Joshua David Rutgers, petitioner, Appellant, vs. State of Minnesota, Respondent.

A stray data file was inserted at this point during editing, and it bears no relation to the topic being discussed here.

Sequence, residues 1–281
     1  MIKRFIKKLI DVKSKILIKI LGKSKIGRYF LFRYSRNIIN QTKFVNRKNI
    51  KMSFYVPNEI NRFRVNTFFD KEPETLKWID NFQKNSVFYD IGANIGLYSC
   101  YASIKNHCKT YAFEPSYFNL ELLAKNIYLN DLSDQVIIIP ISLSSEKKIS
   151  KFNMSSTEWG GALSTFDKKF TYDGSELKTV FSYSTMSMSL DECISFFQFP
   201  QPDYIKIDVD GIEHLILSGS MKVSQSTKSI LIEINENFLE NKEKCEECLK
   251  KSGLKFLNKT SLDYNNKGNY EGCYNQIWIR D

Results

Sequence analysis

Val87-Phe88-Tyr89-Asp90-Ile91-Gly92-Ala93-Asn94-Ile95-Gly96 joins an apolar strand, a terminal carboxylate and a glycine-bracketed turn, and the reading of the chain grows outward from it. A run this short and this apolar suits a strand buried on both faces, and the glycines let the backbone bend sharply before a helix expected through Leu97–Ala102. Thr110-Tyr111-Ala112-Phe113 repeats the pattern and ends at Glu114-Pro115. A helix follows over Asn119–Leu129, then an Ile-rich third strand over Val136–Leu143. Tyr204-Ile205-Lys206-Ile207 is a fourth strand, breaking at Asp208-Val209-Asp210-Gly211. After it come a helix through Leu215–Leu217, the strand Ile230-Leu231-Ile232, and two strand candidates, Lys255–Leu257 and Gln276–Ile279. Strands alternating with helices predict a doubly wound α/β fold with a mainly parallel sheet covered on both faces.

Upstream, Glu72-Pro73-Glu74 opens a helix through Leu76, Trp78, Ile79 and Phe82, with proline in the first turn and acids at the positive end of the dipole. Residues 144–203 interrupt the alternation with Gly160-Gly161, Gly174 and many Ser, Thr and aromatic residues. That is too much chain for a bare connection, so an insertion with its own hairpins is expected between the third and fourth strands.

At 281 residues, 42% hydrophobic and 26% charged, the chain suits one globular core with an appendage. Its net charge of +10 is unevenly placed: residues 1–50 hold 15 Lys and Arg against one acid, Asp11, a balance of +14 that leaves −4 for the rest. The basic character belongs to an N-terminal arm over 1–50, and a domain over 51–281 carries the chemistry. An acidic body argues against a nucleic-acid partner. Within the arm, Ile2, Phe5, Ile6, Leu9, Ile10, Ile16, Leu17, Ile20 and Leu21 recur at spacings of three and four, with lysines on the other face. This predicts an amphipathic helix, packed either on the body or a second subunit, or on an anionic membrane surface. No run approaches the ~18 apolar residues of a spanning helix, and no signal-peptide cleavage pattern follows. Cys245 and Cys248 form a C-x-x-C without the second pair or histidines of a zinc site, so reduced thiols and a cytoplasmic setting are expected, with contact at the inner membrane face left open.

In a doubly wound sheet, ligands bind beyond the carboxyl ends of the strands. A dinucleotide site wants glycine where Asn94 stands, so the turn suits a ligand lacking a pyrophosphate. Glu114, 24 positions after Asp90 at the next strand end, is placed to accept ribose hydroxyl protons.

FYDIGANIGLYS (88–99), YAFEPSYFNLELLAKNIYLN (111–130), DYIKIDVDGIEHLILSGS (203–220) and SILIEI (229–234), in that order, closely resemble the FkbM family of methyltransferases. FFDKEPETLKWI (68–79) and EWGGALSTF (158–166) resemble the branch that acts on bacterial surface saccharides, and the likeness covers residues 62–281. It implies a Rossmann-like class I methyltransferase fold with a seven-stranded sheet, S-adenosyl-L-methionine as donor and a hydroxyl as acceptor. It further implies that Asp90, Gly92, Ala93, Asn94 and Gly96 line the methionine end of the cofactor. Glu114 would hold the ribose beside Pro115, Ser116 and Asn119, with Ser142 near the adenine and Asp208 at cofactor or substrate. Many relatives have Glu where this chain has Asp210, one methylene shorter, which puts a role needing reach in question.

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This opinion will be unpublished and may not be cited except as provided by Minn. Stat. § 480A.08, subd. 3 (2010). STATE OF MINNESOTA IN COURT OF APPEALS A10-1838 Joshua David Rutgers, petitioner, Appellant, vs. State of Minnesota, Respondent. Filed June 13, 2011 Affirmed Schellhas, Judge Nobles County District Court File No. 53-CR-10-147 David W. Merchant, Chief Appellate Public Defender, Michael W. Kunkel, Assistant Public Defender, St. Paul, Minnesota (for appellant) Lori Swanson, Attorney General, St. Paul, Minnesota; and Gordon L. Moore III, Nobles County Attorney, Travis J. Smith, Assistant County Attorney, Worthington, Minnesota (for respondent) Considered and decided by Peterson, Presiding Judge; Worke, Judge; and Schellhas, Judge. UNPUBLISHED OPINION SCHELLHAS, Judge Appellant challenges the district court s summary denial of his postconviction petition to withdraw his guilty plea, arguing that the plea was involuntary due to ineffective assistance of counsel. Because appellant failed to allege a reasonable probability that he would not have pleaded guilty but for the alleged ineffective assistance, we affirm. FACTS Respondent State of Minnesota charged appellant Joshua Rutgers with one count of fourth-degree assault in violation of Minn. Stat. § 609.2231, subd. 3(2) (2008), for spitting at a Nobles County Jail corrections officer on January 30, 2010. Appellant pleaded guilty pursuant to a plea agreement that provided that (1) the district court would sentence appellant to 12 months and one day in prison consecutive to his two prior concurrent 26-month sentences for terroristic threats and (2) the sentencing would occur the same day as the plea. Following the plea, the district court and the attorneys discussed the sentence contemplated pursuant to the plea agreement: THE COURT: Is that what s that sentencing guidelines or is that a statute on that consecutive deal? DEFENSE COUNSEL: It is in the guidelines, Your Honor. THE COURT: Do you know the section of it so that I can cite it? THE PROSECUTOR: It is in II, like Roman number II, F. .... DEFENSE COUNSEL: And I think a lower case g actually is more specific as well. THE PROSECUTOR: Yes. DEFENSE COUNSEL: And I think the first comment is pretty specific too. THE COURT: Is this a permissive consecutive? THE PROSECUTOR: Yes, Your Honor. THE COURT: And there is no mandatory minimum on this? THE PROSECUTOR: No, Your Honor. 2 THE COURT: All right, thank you. The Court will accept the Defendant s guilty plea; find him guilty as charged in Count 1 of the complaint. After appellant waived his right of allocution on the record, the district court sentenced him pursuant to the terms of the plea agreement. The court explained that the consecutive sentence was authorized under Minn. Sent. Guidelines II.F.2.g (2008), 1 and that although appellant s criminal-history score was seven, the court used a score of zero to compute the duration of appellant s consecutive sentence in accordance with Minn. Sent. Guidelines cmt. II.F.201 (2008). Two months later, appellant filed a postconviction petition with the district court to withdraw his guilty plea,2 arguing that his plea was not voluntary due to ineffective assistance of counsel. Appellant alleged in his petition that his counsel had incorrectly informed him that a consecutive sentence was mandatory, when in fact it was permissive. Appellant submitted no affidavit or other evidence to the court. In response, the state submitted an affidavit from appellant s counsel in which he stated that he had told appellant that the charge was a permissible offense for a consecutive sentence and that he and appellant had discussed the weight of the evidence and . . . the probability that the judge would give a consecutive sentence, if appellant were convicted at trial. Appellant s counsel also stated, At some point I 1 Minn. Sent. Guidelines II.F.2.g provides, A current conviction for a felony assault committed while in a local jail or workhouse may be sentenced consecutively to any other executed prison sentence if the presumptive disposition for the other offense was commitment to the Commissioner of Corrections. The parties appear to agree that the presumptive disposition of appellant s terroristic-threats sentences was commitment to the Commissioner of Corrections. 2 The parties agree that appellant s petition was a petition for postconviction relief. 3 indicated to the defendant that a consecutive sentence might be mandated, in light of section 609.2232.[3] I do not recall ever telling the defendant that a consecutive sentence was mandatory, and I do not believe I ever instructed him as such. Counsel explained that at the time of the plea, appellant s most important concern seemed to be to get his case concluded and [get] transported to prison as soon as possible because appellant was not getting along with the Nobles County Jail staff. That is why appellant requested to be sentenced at the same time as his plea. The district court summarily denied appellant s postconviction petition, reasoning that it was clear from the conversation at the plea hearing that appellant s counsel knew the consecutive sentencing was permissive, appellant was present for that conversation and could have said something if he had been told that consecutive sentencing was mandatory, and appellant failed to present any evidence that his attorney did, in fact, advise him that the consecutive sentence was mandatory. This appeal follows. DECISION A person who is convicted of a crime and who claims that the conviction violated his or her rights may file a petition for postconviction relief. Minn. Stat. § 590.01, subd. 1(1) (2008). The district court must set an evidentiary hearing on the petition unless the files and records of the proceeding conclusively show that the petitioner is entitled to no relief. Minn. Stat. § 590.04, subd. 1 (2008). A hearing is required if the petitioner 3 Minn. Stat. § 609.2232 (2008) mandates consecutive sentences for inmate[s] of a state correctional facility who are convicted of assault while confined in the facility. Here, it is undisputed that at the time of the charged conduct, appellant was confined in the Nobles County Jail, not in state prison. 4 alleges facts that, if proved, would entitle him or her to the requested relief. Fratzke v. State, 450 N.W.2d 101, 102 (Minn. 1990). But the allegations in the petition must be more than argumentative assertions without factual support. Laine v. State, 786 N.W.2d 635, 637 (Minn. 2010) (quotation omitted). This court reviews the district court s denial of a postconviction petition without a hearing for an abuse of discretion, but [a]ny issues of law are reviewed de novo. Chambers v. State, 769 N.W.2d 762, 764 (Minn. 2009). Appellant s petition requested that the district court permit him to withdraw his guilty plea. A defendant is entitled to withdraw his or her guilty plea after sentencing if he or she can prove that withdrawal is necessary to correct a manifest injustice. Minn. R. Crim. P. 15.05, subd. 1. A manifest injustice has occurred if a plea was not accurate, voluntary, and intelligent. Alanis v. State, 583 N.W.2d 573, 577 (Minn. 1998). Appellant argues that his plea was involuntary because he received ineffective assistance of counsel at the time he pleaded guilty. [T]he voluntariness of the plea depends on whether counsel s advice was within the range of competence demanded of attorneys in criminal cases. State v. Ecker, 524 N.W.2d 712, 718 (Minn. 1994) (quoting Hill v. Lockhart, 474 U.S. 52, 56, 106 S. Ct. 366, 369 (1985)) (quotation marks omitted). Appellate courts apply a two-prong test to determine whether a plea was involuntary due to ineffective assistance of counsel. Id. The petitioner must show (1) the representation fell below an objective standard of reasonableness and (2) there is a reasonable probability that, but for the inadequate representation, he would not have pleaded guilty. Id. A reasonable probability is a probability sufficient to undermine confidence in the 5 outcome. Id. (quoting Strickland v. Washington, 466 U.S. 668, 694, 104 S. Ct. 2052, 2068 (1984)). The state concedes that appellant s petition alleges facts sufficient to meet the first prong if appellant s counsel did, in fact, advise him that he was facing a mandatory consecutive sentence, the state agrees that the representation fell below an objective standard of reasonableness. The state argues that the postconviction petition was nevertheless insufficient on this prong because appellant did not present factual support for his allegations. The state is correct that mere argumentative assertions without factual support are insufficient to support a postconviction petition. Laine, 786 N.W.2d at 637 (emphasis added). But appellant s petition contains more than argumentative assertions it contains a specific allegation that appellant s counsel materially misstated the applicable law. And alleging facts that, if proved, would entitle the petitioner to the requested relief is sufficient to require an evidentiary hearing. Fratzke, 450 N.W.2d at 102. The state concedes that the allegation here, if proved, would constitute ineffective assistance of counsel. Under Ecker, appellant alleged sufficient facts on the first prong to entitle him to at least an evidentiary hearing. But appellant s petition alleged no facts to support the second prong that there is a reasonable probability that he would not have pleaded guilty but for the alleged misstatement by his counsel. Although appellant alleged that he has found people in prison where their time was ran concurrent to the time they are serving now, he did not allege that he would not have accepted the prosecution s plea offer or would have insisted on going to trial had he known that the consecutive sentence he was agreeing to was not 6 mandatory as he was allegedly told, but only permissive. Because appellant failed to allege facts in his petition sufficient to entitle him to relief under this prong, the district court did not abuse its discretion by denying his petition without an evidentiary hearing. We affirm. Affirmed. 7